Jesus’ Encouraging To Pray
We hope you’re doing well, or at least just OK, during the shelter-in-place quarantine. We miss being able to see all of you, shake your hand, look you in the eye and ask how you’re doing! We won’t be taking that privilege for granted anymore, will we?
In times of distress, disruption, and chaos, human beings often pray. It matters little their previous religious beliefs or practices or lack thereof. In distress, we cry out to a higher power—whomever or whatever we may believe that higher power is. For followers of Jesus, we believe that our higher power is the personal, triune God who has revealed himself as Father, Son, Holy Spirit, and through the pages of inspired scripture.
In his ministry, Jesus regularly invited his followers to pray to God the Father. For example, in the Sermon on the Mount, Jesus said: “Keep on asking, and you will receive what you ask for. Keep on seeking, and you will find. Keep on knocking, and the door will be opened to you.” (Matthew 7:7) On another occasion, Jesus encouraged his disciples with this promise: “If you remain in me and my words remain in you, you may ask for anything you want, and it will be granted!” (John 15:7)
So praying—directing our thoughts and words to God—is to be a natural, normal part of the Christian life. Anticipating, this, Jesus provided a “model prayer” for us to use in knowing how to talk with God. We call it The Lord’s Prayer or the Our Father. It goes like this:
Our Father in heaven,
may your name be kept holy.
May your Kingdom come soon.
May your will be done on earth,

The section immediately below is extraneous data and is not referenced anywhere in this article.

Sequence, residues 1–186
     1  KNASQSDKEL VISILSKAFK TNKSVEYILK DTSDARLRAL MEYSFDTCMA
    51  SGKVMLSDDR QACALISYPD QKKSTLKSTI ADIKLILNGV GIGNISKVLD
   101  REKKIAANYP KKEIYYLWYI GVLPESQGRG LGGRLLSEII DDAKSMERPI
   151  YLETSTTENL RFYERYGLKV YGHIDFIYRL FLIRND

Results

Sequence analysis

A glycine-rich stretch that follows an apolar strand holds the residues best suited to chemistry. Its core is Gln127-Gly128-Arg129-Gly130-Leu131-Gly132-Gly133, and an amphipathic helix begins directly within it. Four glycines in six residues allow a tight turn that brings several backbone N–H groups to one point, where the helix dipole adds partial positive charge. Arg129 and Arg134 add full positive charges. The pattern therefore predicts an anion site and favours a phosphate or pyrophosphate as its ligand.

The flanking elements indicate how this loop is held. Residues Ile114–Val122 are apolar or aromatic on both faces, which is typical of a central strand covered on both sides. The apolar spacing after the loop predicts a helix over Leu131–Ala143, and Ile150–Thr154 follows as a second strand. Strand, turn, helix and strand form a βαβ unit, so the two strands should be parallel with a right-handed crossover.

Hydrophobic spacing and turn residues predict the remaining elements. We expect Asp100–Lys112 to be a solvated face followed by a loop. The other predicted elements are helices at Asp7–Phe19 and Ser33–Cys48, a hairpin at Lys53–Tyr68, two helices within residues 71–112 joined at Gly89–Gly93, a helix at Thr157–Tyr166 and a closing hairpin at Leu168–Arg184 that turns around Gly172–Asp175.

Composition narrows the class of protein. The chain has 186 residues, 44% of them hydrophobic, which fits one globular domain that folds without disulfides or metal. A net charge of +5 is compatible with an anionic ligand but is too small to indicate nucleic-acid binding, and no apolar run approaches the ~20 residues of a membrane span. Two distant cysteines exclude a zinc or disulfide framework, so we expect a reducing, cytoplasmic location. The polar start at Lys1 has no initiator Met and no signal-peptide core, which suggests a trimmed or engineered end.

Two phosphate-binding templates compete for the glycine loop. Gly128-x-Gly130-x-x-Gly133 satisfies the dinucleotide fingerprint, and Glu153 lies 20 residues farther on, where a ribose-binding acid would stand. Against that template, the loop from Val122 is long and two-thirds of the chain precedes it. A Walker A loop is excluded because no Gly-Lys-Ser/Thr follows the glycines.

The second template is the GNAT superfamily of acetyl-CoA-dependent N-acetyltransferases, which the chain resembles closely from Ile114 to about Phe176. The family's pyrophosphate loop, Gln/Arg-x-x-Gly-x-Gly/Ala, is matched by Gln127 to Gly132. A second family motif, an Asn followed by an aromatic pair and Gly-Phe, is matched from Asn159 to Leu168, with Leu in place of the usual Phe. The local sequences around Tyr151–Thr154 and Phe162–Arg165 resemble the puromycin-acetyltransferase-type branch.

as it is in heaven.
Give us today the food we need,
and forgive us our sins,
as we have forgiven those who sin against us.
And don’t let us yield to temptation,
but rescue us from the evil one.
Now there’s certainly merit in simply reciting this beautiful prayer. No doubt many of us have done so in a worship service, at a wedding, or even a funeral. But beyond recitation, in this prayer Jesus is inviting us to simply talk with God our Father about six things—our identity, the expansion of God’s kingdom, provision, relationships, protection, and praise. And I want to call our attention to the third demarcation about provision.
Jesus frames the request we’re to make this way: Give us today the food we need. Perhaps you’re more familiar with these words: Give us this day our daily bread. Jesus is inviting us to make specific, daily entreaty for our needs!
Very typically, we are prone to think that we should not waste God’s time with our material needs. We think he certainly has more to be occupied with right now, as in the global pandemic, financial collapse, countries with overburdened health care systems, war, famine, water scarcity, and injustice. Certainly these are all very important. But in this instruction, Jesus refutes that notion that we are wasting God’s time with our own needs or that it’s’ somehow selfish.
Sometimes we also think we should pray in vague generalities, and then trust God to provide whatever he knows is best in his own time. But here Jesus refutes that notion as well, since he is encouraging his people to pray boldly, specifically, and daily.
Praying for “Our Daily Bread” has 2 applications. First, Jesus invites us to pray for our material, physical, and financial needs. That is, for our daily essentials of food, clothing, and shelter. And also our health and wellness—for our needs are regarding health, healing and restoration from sickness and disease, and for protection (as in, against contraction of the virus).
Secondly, we are to pray for “daily bread” to minister to others. We can ask the Holy Spirit to give us eyes to see, ears to hear him each day as we are looking for both the opportunities and resources to help and serve others—family, friends, neighbors, our church members, etc. God may use us to be the answer to someone else’s prayers by distributing daily bread to them. Right now, that might mean we call or text someone to check in and ask if they are OK or if can you supply any of their needs.
We love you and care about your health, safety, and well-being in soul and body. If you have a specific prayer request, you can simply respond to this email and we’ll forward that need to our Intercessory Prayer Team who pray for these requests each week with confidence and expectation.
Please feel free to forward or share this note if you think they may be encouraged, too.
Stay home. Be at peace